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Phylum Chordata > Subphylum Vertebrata > fishes > Family Pomacentridae
Amphiprion sp.
Family Pomacentridae
updated Oct 2016

if you learn only 3 things about them ...
Anemonefish need their anemones. Do not disturb them or their anemones.
One anemone may be home to many anemonefishes.
These fishes are threatened by over-collection for the aquarium trade. Don't keep Nemo in your home, he belongs in the ocean.

Where seen? Made famous by the cartoon "Finding Nemo", these fishes are a delight and the highlight of a trip. Anemonefishes are commonly seen among the sea anemones of our Southern shores. At low tide, they may shelter in a pool further away while their anemone is left high and dry.

What are anemonefishes? Anemonefishes belong to the Family Pomacentridae. Anemonefishes are in the subgroup Amphiprioninae in this family.

To about 9cm. Besides being really cute and colourful, the most amazing feature of anemonefishes is that they can live happily among the tentacles of sea anemones that would otherwise kill (and eat) other fishes, including larger ones.

The anemonefish is believed to develop this immunity slowly. To acclimatise to a host anemone, an anemonefish will at first gingerly swim among the tentacles, touching it with its fins then withdrawing rapidly, in an elaborate dance. Only after some time will the fish be able to dive right in among the tentacles. One theory is that the fish smears mucus from the anemone all over itself. In this way, to the anemone, the fish is just another part of the anemone. Thus the sea anemone doesn't sting the fish. Another theory is that the mucus of the fish (all fishes are covered in mucus) lacks substances that trigger a sea anemone to discharge its stingers.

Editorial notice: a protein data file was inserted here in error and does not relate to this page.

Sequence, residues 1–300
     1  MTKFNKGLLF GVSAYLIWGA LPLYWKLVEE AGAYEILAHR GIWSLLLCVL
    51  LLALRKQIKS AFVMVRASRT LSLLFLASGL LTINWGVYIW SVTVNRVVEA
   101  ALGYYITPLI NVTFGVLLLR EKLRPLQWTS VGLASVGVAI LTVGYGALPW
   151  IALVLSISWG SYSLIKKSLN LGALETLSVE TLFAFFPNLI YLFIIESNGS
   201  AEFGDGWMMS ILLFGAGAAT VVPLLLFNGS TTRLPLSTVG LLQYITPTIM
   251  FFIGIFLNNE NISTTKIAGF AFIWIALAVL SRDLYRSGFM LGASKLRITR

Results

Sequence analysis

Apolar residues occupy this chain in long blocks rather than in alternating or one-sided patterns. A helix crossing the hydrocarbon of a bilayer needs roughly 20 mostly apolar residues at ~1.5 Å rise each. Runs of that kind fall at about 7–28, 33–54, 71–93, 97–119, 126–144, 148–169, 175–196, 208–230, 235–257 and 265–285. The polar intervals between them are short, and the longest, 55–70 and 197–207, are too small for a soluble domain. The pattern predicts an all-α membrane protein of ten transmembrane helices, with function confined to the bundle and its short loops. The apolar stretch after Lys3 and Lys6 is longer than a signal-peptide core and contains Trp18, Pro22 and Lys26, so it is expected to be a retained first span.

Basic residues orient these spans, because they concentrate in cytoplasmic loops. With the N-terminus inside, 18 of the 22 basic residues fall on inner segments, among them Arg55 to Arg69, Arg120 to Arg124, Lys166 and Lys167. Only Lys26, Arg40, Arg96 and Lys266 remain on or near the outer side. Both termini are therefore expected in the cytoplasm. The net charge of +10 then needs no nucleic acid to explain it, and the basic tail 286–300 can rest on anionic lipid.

Experiments suggest anemonefishes may protect their host anemones from predatory fishes such as butterflyfish. They may also clean the anemone of parasites and remove dead tissues of the sea anemone. Their swimming action may also increase water circulation around the sea anemone and remove sediments that would foul the sea anemone. Some studies suggest anemonefishes attract other fishes that are captured and eaten by the sea anemone.

In return, the anemonefishes enjoy protection among the tentacles of the sea anemone and may also feed on leftovers of prey captured by the host sea anemone.
In captivity, the anemonefish and anemone can survive well without each other. However, in the wild, the anemonefish being poor swimmers, are soon eaten by larger fishes. The anemonefish also needs the protection of a sea anemone to lay its eggs, usually under the oral disk of the anemone.

What do they eat? Anemonefishes eat mainly plankton. Some also graze algae from the surface or gathered from the water.